Maintaining that rate will be the key to Wright matching last year”s breakout performance.”

Many sources, including NERR”s Adam Finkelstein writing for ESPN Insider”s College Basketball Recruiting blog, reported that Yale received a commitment from sought-after 6″7″ forward Justin Sears in the Class of 2012. Sears sounds like an athletic wing scorer, just what Yale could use. Finkelstein”s got the details:

“Yale scored an equally important pledge from  (Plainfield, N.J./Plainfield), a highly athletic 6-7 forward who took an official visit to Stanford earlier this month.

Sears was widely recruited by the vast majority of the Ivy League throughout the summer and saw his recruitment continue to escalate as he proved himself to be a dynamic two-way player. At Yale, his biggest impact may be on the defensive end of the floor where he’ll not only be able to defend multiple positions but also be able to serve as a dominant weak-side shot-blocker. “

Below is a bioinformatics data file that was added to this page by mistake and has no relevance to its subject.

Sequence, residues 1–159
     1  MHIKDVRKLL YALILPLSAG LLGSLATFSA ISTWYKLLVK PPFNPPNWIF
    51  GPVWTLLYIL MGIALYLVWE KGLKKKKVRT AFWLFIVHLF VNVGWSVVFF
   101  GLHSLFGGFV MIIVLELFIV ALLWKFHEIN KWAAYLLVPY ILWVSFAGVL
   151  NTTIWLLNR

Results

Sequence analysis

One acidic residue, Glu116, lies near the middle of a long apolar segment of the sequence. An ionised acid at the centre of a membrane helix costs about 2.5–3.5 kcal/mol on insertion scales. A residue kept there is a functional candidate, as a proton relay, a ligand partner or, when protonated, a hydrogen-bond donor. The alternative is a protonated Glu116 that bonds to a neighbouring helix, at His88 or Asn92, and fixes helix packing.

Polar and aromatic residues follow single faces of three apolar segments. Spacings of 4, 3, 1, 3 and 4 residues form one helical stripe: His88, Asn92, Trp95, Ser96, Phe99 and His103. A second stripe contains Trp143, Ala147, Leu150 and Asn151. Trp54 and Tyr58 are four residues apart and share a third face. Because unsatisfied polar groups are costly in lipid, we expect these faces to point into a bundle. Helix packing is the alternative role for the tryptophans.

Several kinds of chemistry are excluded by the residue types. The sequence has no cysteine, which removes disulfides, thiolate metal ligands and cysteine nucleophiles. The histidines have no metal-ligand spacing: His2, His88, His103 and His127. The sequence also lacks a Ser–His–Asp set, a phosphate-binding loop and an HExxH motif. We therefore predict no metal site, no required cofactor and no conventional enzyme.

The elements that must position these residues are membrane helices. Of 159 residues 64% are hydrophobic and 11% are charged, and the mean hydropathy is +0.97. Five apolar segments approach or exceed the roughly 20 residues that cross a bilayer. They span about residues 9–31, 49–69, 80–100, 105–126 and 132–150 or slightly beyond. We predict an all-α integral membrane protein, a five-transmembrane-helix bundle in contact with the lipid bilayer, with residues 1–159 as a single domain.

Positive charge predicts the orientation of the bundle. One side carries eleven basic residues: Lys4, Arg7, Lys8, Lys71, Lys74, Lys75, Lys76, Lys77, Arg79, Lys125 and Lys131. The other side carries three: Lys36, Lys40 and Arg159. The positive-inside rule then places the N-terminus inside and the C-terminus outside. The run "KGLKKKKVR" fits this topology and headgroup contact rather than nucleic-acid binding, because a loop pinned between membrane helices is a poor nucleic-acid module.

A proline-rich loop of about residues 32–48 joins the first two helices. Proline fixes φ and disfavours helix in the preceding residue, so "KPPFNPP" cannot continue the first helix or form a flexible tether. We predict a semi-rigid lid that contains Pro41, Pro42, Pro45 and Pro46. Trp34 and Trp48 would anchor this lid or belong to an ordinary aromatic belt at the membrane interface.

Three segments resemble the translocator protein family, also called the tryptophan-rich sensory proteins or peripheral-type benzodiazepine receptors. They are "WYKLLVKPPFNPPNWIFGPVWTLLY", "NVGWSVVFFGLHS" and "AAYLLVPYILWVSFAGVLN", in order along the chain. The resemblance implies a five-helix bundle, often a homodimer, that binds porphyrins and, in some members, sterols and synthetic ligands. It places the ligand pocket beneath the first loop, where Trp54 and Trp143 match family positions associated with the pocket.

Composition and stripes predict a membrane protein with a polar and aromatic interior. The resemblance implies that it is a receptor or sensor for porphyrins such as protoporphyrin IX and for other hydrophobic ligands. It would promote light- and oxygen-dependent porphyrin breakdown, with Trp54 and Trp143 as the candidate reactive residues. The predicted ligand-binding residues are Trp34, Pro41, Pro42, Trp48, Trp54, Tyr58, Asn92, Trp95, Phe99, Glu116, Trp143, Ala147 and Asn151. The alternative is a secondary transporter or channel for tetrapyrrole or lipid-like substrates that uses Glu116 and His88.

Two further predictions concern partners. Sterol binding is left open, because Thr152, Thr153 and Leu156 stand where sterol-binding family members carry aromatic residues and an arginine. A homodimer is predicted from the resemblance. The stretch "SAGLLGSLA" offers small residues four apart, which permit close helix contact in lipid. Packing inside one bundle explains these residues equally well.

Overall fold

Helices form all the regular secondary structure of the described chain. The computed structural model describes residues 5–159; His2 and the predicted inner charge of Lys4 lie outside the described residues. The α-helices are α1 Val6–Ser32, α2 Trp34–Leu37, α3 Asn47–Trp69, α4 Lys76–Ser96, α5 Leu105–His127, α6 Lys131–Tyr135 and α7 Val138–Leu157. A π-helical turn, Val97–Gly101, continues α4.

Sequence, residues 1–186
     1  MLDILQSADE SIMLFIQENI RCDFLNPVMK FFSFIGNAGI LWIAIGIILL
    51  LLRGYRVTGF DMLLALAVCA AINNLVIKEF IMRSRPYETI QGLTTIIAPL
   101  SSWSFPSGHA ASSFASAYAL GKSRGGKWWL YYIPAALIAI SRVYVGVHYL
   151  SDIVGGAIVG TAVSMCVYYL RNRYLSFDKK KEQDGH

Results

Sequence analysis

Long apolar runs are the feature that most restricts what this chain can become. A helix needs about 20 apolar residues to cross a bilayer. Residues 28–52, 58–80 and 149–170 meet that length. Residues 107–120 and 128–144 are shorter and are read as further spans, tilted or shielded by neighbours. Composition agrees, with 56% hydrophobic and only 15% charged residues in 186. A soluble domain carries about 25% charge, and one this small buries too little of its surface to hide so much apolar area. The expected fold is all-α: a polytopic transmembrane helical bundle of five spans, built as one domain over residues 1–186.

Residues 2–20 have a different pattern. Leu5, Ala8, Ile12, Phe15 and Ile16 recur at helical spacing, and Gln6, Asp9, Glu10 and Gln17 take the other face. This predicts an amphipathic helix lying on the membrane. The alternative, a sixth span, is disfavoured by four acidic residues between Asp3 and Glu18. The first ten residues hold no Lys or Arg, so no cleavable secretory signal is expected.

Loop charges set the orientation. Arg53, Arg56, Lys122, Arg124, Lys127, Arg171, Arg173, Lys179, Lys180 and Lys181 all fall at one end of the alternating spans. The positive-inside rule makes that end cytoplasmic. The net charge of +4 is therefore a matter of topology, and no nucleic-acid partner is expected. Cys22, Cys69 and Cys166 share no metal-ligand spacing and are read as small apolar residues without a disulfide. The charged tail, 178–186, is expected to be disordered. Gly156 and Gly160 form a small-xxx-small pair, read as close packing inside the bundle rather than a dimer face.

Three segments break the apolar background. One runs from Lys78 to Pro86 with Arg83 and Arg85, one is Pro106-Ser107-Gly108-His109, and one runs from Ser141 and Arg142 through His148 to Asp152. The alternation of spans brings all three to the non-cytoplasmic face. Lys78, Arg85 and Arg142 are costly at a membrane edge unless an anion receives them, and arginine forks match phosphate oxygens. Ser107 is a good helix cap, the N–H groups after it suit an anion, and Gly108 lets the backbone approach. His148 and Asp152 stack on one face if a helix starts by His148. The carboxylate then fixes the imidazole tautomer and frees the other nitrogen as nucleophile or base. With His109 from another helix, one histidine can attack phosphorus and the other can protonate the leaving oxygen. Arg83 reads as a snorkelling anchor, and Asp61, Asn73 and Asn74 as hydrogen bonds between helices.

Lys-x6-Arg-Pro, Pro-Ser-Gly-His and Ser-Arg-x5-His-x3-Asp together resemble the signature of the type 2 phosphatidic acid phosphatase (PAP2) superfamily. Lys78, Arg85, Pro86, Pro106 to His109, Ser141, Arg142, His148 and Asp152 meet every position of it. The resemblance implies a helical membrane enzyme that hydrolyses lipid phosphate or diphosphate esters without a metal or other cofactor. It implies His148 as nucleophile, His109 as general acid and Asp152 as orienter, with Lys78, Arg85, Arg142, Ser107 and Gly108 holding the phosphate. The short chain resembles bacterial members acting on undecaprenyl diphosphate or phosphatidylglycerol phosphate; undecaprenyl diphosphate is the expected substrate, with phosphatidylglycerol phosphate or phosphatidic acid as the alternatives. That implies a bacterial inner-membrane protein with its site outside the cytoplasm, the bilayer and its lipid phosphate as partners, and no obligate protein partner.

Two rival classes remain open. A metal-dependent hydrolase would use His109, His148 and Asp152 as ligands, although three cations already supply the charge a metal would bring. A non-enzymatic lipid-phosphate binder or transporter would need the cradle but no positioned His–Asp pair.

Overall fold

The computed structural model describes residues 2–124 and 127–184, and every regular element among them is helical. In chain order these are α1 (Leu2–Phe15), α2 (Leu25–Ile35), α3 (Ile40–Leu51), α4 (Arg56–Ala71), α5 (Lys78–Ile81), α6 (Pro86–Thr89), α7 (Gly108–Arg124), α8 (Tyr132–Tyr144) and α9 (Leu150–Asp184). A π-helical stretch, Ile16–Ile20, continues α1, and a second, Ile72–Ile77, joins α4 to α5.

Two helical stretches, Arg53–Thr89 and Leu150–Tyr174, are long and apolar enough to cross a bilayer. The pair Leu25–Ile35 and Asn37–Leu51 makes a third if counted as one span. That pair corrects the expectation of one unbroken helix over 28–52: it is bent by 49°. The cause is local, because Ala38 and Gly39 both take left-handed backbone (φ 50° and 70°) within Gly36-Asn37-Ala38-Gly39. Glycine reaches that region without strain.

Over at the DP Buzz Blog, Jack Eggleston “11 weighs in from the German ProB League, giving us a little insight on how he deals with losing.

“People often say that losing builds character, that you learn more from a loss than a win. I never bought into that idea. I”m more of the George Brett school of thought when he says, “If a tie is like kissing your sister, losing is like kissing your grandmother with her teeth out.” Whether it”s a game against Princeton in the Palestra or a “friendly” game of Blokus with my roommates, losing has never sat too well with me.”

And to wrap up, we point you back to the Ivy League”s most entertaining player blog, Mid Major Chillin. This week, the crew posts about their marketing efforts with their website (business cards), as well as an environmental campaign in which the players participated that produced the following iconic image:

Yale's frontcourt is serious about the environment. (Photo Credit: midmajorchillin.blogspot.com)